A combination of traditional and modern data collection techniques were used to collect and disseminate information via this website. It was essential to use as many low-cost software platforms due to budget constraints. In addition to making this website accessible to a wide audience, it was important to be completely transparent with the software, methods, and concepts employed to make this project a reality. We wanted to be able to show others what and how the project was executed so that it can be replicated elsewhere. The result was an attractive website created through an easily replicable system that can be reproduced and improved upon by others.
Archival Research Methods
The River Street Neighborhood is a small portion of the City of Boise, which made it easier to target the archival research. Most archival research focused on certain keywords; specifically, neighborhood landmarks, such as Riverside Park, street names, buildings, historical residents, and variations of the term “River Street Neighborhood”. Online searches for these keywords mostly revealed urban renewal documents at Boise libraries. At archives and in special collections, these keywords led to the discovery of maps, photographs, and newspaper articles.
Documents from both public and private collections were used on this site. Resources were sought at the Albertsons Library at Boise State University, the Boise Public Library, the Idaho State Historic Preservation Office (SHPO), and Idaho State Historical Society Archives in Boise. Additional photographs and documents were generously provided by Lee Rice, II and Pam Demo. Oral history interviews were recorded at the Idaho Black History Museum in Boise or at sites determined by the interviewee.
The majority of this data had to be digitized in order to be displayed on the website. Archival documents were scanned with a flatbed scanner at 300dpi. Maps were scanned on a larger, high-resolution flatbed scanner. Photos and maps were converted into Joint Photographic Experts Group (JPG) files for the website and Tagged Image File Format (TIFF) files for use in ArcGIS. Photographs and video of the River Street Neighborhood were taken with a Nikon D5300 DSLR with an external shotgun microphone and with an iPhone 4s. In some instances, digital photographs of some articles and documents were taken with the Nikon DSLR or the iPhone. Filtered video was taken on the iPhone using the 8mm app.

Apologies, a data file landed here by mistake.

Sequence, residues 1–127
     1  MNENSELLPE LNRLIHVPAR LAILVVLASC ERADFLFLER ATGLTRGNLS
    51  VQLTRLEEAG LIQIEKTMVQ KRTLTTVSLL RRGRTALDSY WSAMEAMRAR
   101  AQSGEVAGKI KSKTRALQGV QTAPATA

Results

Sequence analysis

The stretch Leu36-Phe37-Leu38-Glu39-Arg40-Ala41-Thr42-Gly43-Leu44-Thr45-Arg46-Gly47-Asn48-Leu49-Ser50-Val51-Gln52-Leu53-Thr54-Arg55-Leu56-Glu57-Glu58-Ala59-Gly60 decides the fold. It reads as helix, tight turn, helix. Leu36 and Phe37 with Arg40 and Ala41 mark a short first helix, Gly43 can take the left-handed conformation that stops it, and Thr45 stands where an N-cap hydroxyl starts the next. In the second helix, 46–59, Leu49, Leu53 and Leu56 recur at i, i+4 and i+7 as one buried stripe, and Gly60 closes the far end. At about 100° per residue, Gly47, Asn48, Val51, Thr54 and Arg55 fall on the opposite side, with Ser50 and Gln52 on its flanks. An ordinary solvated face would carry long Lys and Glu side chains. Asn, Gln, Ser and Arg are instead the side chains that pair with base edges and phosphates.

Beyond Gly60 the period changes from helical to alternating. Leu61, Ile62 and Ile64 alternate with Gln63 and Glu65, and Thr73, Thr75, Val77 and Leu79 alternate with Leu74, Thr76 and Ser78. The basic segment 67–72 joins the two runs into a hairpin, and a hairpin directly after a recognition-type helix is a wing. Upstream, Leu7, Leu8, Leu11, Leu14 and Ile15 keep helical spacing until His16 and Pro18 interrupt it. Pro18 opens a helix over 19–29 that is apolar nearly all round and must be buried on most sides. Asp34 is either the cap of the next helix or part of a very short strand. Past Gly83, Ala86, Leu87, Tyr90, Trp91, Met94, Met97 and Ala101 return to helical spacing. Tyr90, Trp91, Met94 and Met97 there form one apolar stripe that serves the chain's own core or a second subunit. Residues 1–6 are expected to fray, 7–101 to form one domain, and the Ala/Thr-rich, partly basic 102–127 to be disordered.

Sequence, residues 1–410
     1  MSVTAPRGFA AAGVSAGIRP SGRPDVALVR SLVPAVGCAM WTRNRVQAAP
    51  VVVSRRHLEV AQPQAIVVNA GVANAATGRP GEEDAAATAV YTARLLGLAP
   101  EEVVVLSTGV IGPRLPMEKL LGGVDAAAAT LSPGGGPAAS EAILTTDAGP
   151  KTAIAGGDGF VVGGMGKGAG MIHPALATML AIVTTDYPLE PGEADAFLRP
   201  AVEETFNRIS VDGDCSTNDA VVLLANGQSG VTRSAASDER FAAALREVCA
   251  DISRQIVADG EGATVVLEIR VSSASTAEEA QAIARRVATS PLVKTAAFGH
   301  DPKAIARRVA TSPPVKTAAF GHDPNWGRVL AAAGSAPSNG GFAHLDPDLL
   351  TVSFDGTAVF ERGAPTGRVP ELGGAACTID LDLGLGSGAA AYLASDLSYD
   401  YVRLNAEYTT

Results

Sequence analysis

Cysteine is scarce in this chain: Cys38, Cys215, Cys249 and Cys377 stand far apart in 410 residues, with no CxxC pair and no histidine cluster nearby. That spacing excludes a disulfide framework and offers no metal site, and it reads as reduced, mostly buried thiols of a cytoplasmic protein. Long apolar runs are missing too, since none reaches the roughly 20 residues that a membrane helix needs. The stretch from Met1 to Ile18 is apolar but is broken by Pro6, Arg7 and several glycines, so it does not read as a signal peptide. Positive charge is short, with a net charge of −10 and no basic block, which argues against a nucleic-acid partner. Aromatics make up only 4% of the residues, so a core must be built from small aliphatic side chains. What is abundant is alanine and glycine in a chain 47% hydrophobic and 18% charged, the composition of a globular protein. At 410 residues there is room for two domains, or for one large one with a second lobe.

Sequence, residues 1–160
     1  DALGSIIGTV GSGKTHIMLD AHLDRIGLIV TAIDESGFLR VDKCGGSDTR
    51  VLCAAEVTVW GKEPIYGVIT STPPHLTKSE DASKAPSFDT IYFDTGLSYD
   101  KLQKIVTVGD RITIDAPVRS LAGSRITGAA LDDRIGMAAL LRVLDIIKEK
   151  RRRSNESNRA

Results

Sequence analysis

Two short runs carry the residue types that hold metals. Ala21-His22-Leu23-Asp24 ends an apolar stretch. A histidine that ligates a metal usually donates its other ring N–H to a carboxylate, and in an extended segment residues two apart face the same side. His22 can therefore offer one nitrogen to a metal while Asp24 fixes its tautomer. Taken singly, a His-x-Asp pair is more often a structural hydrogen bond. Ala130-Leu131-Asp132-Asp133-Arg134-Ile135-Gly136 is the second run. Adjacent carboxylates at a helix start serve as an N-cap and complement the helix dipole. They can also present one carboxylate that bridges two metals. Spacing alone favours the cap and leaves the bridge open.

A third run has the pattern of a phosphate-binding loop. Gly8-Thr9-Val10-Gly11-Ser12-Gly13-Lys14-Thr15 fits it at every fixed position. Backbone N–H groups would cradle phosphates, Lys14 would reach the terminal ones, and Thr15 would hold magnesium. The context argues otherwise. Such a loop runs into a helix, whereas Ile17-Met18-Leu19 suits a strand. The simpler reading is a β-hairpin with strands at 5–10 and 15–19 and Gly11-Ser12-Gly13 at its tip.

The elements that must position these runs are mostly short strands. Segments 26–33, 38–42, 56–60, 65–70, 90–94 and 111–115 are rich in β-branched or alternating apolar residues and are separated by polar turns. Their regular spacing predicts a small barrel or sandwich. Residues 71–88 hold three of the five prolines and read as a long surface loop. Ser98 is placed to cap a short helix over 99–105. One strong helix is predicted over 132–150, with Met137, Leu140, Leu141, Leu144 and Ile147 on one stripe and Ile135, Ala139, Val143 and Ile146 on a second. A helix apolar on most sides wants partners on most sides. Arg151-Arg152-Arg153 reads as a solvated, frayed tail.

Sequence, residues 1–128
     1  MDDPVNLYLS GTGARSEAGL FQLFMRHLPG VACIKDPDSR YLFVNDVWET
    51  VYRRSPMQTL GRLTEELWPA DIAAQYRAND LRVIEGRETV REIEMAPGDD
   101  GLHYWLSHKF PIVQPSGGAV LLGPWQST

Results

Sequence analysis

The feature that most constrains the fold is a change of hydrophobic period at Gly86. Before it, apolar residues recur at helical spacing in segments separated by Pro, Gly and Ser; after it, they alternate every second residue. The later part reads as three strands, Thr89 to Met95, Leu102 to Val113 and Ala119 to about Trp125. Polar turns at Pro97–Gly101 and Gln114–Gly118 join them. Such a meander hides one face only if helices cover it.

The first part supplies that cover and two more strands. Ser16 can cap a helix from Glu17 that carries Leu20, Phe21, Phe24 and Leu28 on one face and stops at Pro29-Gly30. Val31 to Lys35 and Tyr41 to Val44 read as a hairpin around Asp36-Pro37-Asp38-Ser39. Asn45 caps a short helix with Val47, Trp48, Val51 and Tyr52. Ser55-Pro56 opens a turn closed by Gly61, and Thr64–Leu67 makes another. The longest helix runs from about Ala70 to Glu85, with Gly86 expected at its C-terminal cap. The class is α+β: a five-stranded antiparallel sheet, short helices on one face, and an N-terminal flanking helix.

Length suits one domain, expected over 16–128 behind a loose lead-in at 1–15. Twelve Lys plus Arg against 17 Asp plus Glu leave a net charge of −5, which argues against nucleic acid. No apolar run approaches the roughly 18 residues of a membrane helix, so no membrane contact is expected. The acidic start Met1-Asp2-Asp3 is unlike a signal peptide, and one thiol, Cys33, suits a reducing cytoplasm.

Oral history interviews were recorded with a Tascam DR-05 or similar quality recorder at 16-bit resolution. The resulting files were edited with Audacity.
Graphics and photos used on the website were generally edited using a variety of software. The original scans of the maps were, generally, too large for uploading to the website and were resized using Microsoft Paint or Pixlr.com. Photos that had been scanned as PDFs were edited and converted to JPGs using Microsoft Paint. Other graphics for the website and videos were created using pixlr.com or ipiccy.com.
Maps of the River Street Neighborhood were created using ArcGIS 10.1 and were projected in WGS84, Zone 11, which is the same projection used in Google Earth. In order to get an idea of how the geography of the River Street Neighborhood changed over time, sections of the scanned maps were turned into TIFFs and were georectified as well as possible. The georectified files were turned into georeferenced TIFF format (geoTIFF) with 300dpi. Those geoTIFFs were exported as both Keyhole Markup Language (KML) layers so that they could be added to the website.
The geoTIFFs were also converted back to TIFFs and sequentially inserted into Microsoft PowerPoint in order to simulate a time-lapsed video of the geographic change in the neighborhood. This video was recorded as a Windows Media Video (WMV) file and edited with Microsoft Windows Movie Maker.
Videos and screencasts were also created and edited using a variety of means. The introduction video was created by inserting photographs and video snippets into Animoto, which added and automated the transition graphics to create an attractive result. Other videos were created using Windows Movie Maker out of WMV or QuickTime (MOV) video files. The time-lapse map video and screencast were originally created in PowerPoint and saved as WMV files that were later edited in Movie Maker. The screencast was recorded using Open Broadcaster Software (OBS). Additional audio for the videos was recorded through OBS using a Logitech ClearChat stereo headset.
The eBook draft documenting the River Street Digital History Project was created using a combination of Microsoft Word and PowerPoint. The final draft was professionally edited and produced using Adobe InDesign. CreateSpace was used to publish paper copies of this book.
The River Street Digital History Project website was created on WordPress.org and hosted with Bluehost. The Customizr template was used to format and display the website’s materials.
Nearly all of the software used to create this site was free or inexpensive. The expensive parts were covered by the Boise City Department of Arts and History grant. It can be used as an example of how digital history can be done on a grass roots scale with near-professional results.
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